By Wendy Jesperson, Featured in Landscape Trades January 2008 As the first Canadian to receive the Certified Landscape Professional designation, Harold Deenen was one of the driving forces behind bringing certification to Canada. He continues to champion certification within his company, Canada’s trade associations and the entire horticultural community. As CEO of Hank Deenen Landscaping in Toronto, a third-generation landscape construction and maintenance business, Deenen was asked to serve on the board of governors for ALCA (Associated Landscape Contractors of America), now known as PLANET. The U.S. organization required that all board members be certified, so Deenen dutifully set out to earn his CLP. “I took the U.S. exam and failed the human resources section, but that experience clued me in to the fact that some of the material in the exam was dated and strongly American,” Deenen explains. He received his CLP certification in October of 2004 and then made it his personal mission to bring the exam to Canada, but not before ensuring the exam as updated and regionalized. The Canadian Certification Committee reviewed the entire exam and concluded that it needed a complete rewrite. Deenen’s partner in the CLP mission was Bruce McTavish, of the British Columbia Landscape Nursery Association. McTavish facilitated group sessions designed to update the CLP materials and hired sub-contractors to write and update various sections. After some testing and fine tuning, the new CLP exam was launched in 2005.
CLP Fits The Bill
“I had always been involved with the Certified Horticulture Technician program,” says Deenen. “In the U.S. they consider CHT a foreman’s certification. It’s a great program, but it falls short in measuring the business and administrative skills that are necessary for owners and managers – now CLP fills that void perfectly.” For Deenen, it’s less about hanging certifications on the wall, and more about people pushing themselves to improve skills. “You can guarantee that by going through the CLP exam, you will become a much better businessperson,” Deenen says. With 50 or so employees, Deenen is promoting the benefits of certification on a daily basis. He has two managers working on CLP right now. “It’s a great benchmark for staff that are moving up the ladder and taking on more managerial roles,” he says.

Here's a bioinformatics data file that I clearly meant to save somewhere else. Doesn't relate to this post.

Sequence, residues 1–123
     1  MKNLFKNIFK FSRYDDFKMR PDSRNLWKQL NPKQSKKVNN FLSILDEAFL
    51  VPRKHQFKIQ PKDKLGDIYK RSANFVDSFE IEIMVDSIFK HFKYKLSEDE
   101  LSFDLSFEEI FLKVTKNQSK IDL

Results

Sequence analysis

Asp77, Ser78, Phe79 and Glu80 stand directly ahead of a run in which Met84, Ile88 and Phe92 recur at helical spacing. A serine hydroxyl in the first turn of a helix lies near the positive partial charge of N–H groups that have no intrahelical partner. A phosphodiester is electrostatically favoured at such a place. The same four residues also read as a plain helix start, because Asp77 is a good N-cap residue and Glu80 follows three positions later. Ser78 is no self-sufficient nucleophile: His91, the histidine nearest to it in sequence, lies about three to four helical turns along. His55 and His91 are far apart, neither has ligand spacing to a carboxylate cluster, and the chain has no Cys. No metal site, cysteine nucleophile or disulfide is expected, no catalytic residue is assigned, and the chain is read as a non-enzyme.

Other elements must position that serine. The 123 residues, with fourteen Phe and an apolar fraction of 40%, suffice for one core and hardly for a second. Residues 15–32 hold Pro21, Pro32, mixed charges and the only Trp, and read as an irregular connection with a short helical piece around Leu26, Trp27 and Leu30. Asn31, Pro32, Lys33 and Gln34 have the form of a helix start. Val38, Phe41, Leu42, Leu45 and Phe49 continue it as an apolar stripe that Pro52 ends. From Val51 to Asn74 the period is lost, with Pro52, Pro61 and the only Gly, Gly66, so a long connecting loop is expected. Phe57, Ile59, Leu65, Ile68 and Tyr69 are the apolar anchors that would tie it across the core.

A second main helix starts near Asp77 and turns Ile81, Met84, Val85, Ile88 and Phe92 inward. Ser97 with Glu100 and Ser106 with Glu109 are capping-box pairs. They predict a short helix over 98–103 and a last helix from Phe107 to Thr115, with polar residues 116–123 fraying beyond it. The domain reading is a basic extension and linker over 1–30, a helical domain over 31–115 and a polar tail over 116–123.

Standing out in a crowd
Keeping customers informed about certification is a priority for Deenen. “It is very difficult for a consumer to tell one landscape company from another, so we do our best differentiate ourselves,” he explains. While he admits that ‘professionalism’ is an overused term, Deenen wants his customers to know that Hank Deenen Landscaping believes in bench marking to ensure quality work from qualified staff. “We are also very proud of our safety culture. Everyone in the company, including me, has undergone safety training and testing and is safety certified. We are now working towards our third year of zero accidents and zero lost time,” Deenen explains.
Deenen says he would recommend purchasing the CLP study manuals to anyone. “It is such a fabulous reference manual for doing business better,” he says. Read the manuals, Deenen suggest, and concentrate on the areas you know you aren’t great at. “One of the most important parts of learning is self-assessment,” notes Deenen. “I enjoy a challenge and I always like to know where I need to improve.” With the help of CLP seminars available through provincial trade associations, and some old fashioned studying, Deenen feels confident that CLP status is achievable for many horticulture industry business owners. “I understand that a lot of people are afraid of tests, but it is important to challenge yourself,” he says. “Even if you take the test and don’t pass all the modules, at least you have identified the areas you need to work on – and there is no failure in that!”